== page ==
Even though Romania’s Halep has 23 singles titles to her name – including two Grand Slam victories – she has had to adapt to a particularly rigorous form of drilling at Mouratoglou Academy.

She spent two weeks starting a new workout routine at 8:30 a.m., which she told reporters she “never did in my life,” the WTA reported.

“I did it with pleasure and I did it easily. It made me think that I still love it and I can still do it. So if I’m healthy, I think I can have a good game,” she added, according to the WTA website.

Along with her physical rehabilitation, Halep worked with Mouratoglou to rebuild her confidence.

“He’s super open, so it’s super easy to talk to him,” she told CNN. “I am very emotional. I have a lot of fears in general and I doubt myself most of the time. And it was easy for me to express myself as I am.

When Mouratoglou appeared on the Netflix series, “The Playbook”, in September 2020, he explained how a player’s mental toughness can make or break their ability to become a champion.

The series follows world-renowned sports coaches as they share their personal rules for success inside and outside the arena.

Simona Halep shares lighthearted moments with coach Patrick Mouratoglou during preparation for Roland Garros on May 18, 2022 in Paris, France.

“Everyone has limits, and everyone’s limits are not technical, tactical, physical. They are mental,” Mouratoglou told the documentary.

“And when you don’t think like a champion, you don’t act like a champion and win like a champion. It is therefore very important to ensure that the mind is functioning properly.

Mouratoglou told CNN he has a similar approach to rebuilding a player’s psychological resilience as legendary soccer coach José Mourinho, who also appeared in the Netflix series.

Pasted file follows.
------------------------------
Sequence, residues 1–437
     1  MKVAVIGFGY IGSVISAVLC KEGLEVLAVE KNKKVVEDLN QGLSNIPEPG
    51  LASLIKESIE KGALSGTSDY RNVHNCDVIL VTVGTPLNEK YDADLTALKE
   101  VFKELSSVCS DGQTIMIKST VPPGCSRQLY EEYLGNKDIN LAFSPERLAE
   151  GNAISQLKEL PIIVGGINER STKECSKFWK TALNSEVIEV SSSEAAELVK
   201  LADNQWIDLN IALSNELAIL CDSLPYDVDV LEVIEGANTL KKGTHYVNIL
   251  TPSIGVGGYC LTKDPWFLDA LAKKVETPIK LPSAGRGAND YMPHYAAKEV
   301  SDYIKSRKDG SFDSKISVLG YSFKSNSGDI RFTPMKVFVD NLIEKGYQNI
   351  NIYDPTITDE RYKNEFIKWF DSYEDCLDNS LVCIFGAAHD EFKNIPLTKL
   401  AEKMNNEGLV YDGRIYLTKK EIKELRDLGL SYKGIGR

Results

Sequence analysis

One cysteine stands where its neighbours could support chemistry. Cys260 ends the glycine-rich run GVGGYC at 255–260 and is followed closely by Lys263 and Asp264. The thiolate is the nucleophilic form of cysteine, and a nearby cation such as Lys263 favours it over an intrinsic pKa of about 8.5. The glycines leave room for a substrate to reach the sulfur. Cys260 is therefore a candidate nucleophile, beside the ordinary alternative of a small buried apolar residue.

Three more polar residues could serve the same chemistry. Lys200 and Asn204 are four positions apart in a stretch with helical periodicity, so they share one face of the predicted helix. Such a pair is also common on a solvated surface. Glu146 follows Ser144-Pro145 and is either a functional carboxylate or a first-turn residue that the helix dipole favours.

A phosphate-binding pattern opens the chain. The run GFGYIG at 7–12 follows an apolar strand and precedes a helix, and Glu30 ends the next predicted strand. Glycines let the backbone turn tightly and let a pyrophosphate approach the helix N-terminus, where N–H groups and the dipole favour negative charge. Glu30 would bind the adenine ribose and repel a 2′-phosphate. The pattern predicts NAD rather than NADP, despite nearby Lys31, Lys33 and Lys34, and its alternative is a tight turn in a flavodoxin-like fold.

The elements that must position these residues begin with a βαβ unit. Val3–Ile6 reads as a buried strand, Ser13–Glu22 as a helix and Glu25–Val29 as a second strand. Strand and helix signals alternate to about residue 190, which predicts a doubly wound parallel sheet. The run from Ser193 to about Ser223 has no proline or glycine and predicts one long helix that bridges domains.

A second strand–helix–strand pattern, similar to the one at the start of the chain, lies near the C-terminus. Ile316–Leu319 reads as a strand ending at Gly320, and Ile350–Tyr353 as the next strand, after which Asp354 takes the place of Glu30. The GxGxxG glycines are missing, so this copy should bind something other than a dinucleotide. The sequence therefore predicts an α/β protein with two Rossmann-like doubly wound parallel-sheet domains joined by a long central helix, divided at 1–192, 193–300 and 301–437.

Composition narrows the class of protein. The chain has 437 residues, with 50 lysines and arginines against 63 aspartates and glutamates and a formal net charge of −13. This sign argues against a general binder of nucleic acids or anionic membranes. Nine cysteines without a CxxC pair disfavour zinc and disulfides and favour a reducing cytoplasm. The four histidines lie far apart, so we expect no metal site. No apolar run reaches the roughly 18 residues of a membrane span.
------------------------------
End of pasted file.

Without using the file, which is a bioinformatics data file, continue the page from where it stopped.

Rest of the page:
“He said something like, ‘Football starts with the foot, continues with the heart and ends with the head. “”

“The head is the most important…because if you don’t deeply believe that you can achieve something, you’re not going to flourish. You are going halfway. You will find reasons not to do things. You will find excuses,” says Mouratoglou.

“I think a big part of my job is to help people, in this case Simona, believe in themselves and their ability to achieve what they want,” he adds. “I always tell Simona how strong she is mentally because I really believe in that.

“She made my job super easy, in a way, by being so open and trusting me so much.”

Mouratoglou is no stranger to reinventing players who have hit rock bottom.

In 2012, he reached a turning point in his career, when he began coaching Williams, who had just suffered an unprecedented defeat at Roland Garros against Frenchwoman Virginie Razzano. It was the first time in Williams’ career that she had lost in the first round of a major competition.

Serena Williams trains with her coach Patrick Mouratoglou ahead of the 2020 French Open at Roland Garros on September 26, 2020.